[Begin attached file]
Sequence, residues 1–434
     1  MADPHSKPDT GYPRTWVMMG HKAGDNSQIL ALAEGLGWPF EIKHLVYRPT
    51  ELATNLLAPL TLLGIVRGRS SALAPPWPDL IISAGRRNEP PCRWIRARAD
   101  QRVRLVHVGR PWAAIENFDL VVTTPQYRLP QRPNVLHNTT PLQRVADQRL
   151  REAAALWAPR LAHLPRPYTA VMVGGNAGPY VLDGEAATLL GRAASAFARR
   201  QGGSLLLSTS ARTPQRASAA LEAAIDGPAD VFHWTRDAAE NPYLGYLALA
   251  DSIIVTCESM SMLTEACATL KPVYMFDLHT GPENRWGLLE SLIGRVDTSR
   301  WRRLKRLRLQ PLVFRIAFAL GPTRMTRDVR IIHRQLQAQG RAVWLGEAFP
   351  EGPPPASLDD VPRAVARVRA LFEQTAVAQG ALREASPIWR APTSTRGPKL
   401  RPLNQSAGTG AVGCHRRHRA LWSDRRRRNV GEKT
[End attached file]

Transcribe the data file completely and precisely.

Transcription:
Sequence, residues 1–434
     1  MADPHSKPDT GYPRTWVMMG HKAGDNSQIL ALAEGLGWPF EIKHLVYRPT
    51  ELATNLLAPL TLLGIVRGRS SALAPPWPDL IISAGRRNEP PCRWIRARAD
   101  QRVRLVHVGR PWAAIENFDL VVTTPQYRLP QRPNVLHNTT PLQRVADQRL
   151  REAAALWAPR LAHLPRPYTA VMVGGNAGPY VLDGEAATLL GRAASAFARR
   201  QGGSLLLSTS ARTPQRASAA LEAAIDGPAD VFHWTRDAAE NPYLGYLALA
   251  DSIIVTCESM SMLTEACATL KPVYMFDLHT GPENRWGLLE SLIGRVDTSR
   301  WRRLKRLRLQ PLVFRIAFAL GPTRMTRDVR IIHRQLQAQG RAVWLGEAFP
   351  EGPPPASLDD VPRAVARVRA LFEQTAVAQG ALREASPIWR APTSTRGPKL
   401  RPLNQSAGTG AVGCHRRHRA LWSDRRRRNV GEKT